The techniques and results from renormalization-group flow equations for cold atoms have been gathered and reviewed in Diehl:2009ma (). There, a basic truncation is investigated and extended to include important quantitative effects, such as particle-hole fluctuations. In the present work we aim at a systematic completion of the truncation scheme and consider further important, however subleading terms in the flowing action. In the fermionic sector we include a renormalization term adding to the chemical potential and the fermionic wave function renormalization. This accounts for changes of the Fermi surface due to fluctuation effects. Similar parametrizations of the fermionic self-energy have been studied in refs. Gubbels:2008zz (); Bartosch:2009zr (); Strack08 (). In ref. Spectraldensities () the spectral function of ultracold fermions in the BCS-BEC crossover has been calculated from a ladder approximation to the Luttinger-Ward functional.

As an additional parameter, we also include an atom-dimer interaction term. These extensions of the truncation improve our numerical results in the perturbative domains of the crossover to match the results from well-known other field-theoretical methods. We obtain considerable quantitative precision on the BCS and BEC sides of the resonance. Also in the strongly interacting regime of the Feshbach resonance we obtain a good agreement with data from QMC simulations for the gap and the chemical potential at zero temperature. The effect of the additional couplings on the critical temperature at the unitarity point, however, is rather modest and no agreement with the widely accepted QMC simulations is found.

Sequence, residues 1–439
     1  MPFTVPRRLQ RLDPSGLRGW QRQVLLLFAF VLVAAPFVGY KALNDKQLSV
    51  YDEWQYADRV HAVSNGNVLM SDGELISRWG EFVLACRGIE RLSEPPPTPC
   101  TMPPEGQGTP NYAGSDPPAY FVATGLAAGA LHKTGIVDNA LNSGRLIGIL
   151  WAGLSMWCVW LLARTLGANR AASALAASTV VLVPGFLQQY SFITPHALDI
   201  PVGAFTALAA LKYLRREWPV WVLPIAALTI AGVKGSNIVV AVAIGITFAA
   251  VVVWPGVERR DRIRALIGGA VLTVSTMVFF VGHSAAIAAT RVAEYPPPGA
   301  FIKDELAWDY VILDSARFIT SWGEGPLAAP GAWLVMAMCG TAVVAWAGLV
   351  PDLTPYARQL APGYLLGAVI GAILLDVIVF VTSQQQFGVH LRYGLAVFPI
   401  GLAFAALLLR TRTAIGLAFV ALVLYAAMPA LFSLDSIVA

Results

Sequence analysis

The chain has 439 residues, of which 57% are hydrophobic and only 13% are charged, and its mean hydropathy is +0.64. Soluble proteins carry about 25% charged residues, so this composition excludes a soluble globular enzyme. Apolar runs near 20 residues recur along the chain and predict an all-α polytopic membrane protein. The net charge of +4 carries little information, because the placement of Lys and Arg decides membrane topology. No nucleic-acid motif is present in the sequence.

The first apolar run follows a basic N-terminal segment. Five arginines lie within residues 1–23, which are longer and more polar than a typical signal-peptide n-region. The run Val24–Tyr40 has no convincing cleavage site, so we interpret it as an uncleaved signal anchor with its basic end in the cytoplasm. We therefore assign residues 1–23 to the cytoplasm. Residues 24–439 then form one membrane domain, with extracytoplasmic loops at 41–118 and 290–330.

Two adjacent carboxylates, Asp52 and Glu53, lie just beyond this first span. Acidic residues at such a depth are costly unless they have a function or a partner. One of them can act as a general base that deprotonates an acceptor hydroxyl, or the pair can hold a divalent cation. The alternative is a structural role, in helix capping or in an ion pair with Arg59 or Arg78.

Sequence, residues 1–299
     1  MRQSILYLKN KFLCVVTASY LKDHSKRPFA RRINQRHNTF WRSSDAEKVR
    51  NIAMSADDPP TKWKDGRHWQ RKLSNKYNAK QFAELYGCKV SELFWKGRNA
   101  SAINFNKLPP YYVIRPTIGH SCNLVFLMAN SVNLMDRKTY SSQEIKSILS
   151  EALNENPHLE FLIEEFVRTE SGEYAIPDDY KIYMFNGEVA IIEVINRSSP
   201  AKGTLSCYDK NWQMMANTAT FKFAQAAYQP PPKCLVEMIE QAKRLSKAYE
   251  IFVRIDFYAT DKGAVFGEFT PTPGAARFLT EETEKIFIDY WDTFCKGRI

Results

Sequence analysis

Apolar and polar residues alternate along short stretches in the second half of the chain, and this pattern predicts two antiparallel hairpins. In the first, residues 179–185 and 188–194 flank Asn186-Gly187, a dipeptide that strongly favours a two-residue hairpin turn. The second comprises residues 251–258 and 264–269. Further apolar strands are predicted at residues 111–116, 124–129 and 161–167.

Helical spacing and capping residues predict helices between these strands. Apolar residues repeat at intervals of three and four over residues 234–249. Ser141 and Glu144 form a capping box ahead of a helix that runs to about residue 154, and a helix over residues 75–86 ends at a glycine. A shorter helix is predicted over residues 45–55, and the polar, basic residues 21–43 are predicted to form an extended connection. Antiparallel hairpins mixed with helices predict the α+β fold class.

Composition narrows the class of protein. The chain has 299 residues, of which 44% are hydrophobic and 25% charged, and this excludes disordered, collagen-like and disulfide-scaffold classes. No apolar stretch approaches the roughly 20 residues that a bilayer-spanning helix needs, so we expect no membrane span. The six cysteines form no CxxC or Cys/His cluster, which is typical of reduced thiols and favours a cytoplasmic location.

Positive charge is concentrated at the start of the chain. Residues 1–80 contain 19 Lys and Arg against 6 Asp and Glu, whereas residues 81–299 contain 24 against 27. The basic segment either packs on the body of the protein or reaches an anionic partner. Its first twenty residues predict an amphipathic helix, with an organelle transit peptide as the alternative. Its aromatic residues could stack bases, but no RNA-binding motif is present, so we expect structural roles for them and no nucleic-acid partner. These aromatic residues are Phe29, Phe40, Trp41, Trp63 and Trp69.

For a microscopic model of the BCS-BEC crossover we employ a two-component Grassmann field , describing fermions in two hyperfine states. As bosonic degrees of freedom we introduce a complex scalar field , which can describe molecules, Cooper pairs or simply an auxiliary field in different regimes of the crossover. The resulting two-channel model can describe both narrow and broad Feshbach resonances in a unified setting. The microscopic action at the ultraviolet scale reads explicitely

(1)

where we choose nonrelativistic natural units with , with the mass of the atoms. and denotes the Laplace operator. We use the Matsubara formalism to describe the system in thermal equilibrium, so the fields depend on the position variable and on the imaginary time variable , which parameterizes a torus with circumference . The variable is the chemical potential. We introduce a Yukawa or Feshbach interaction which couples the fermionic to the bosonic fields and directly relates to the width of the Feshbach resonance. The parameter depends on the magnetic field and accounts for the detuning from the Feshbach resonance. The microscopic values , can be fixed by the properties of two body scattering in vacuum. This is discussed in detail in Diehl:2007th (); Diehl:2009ma ().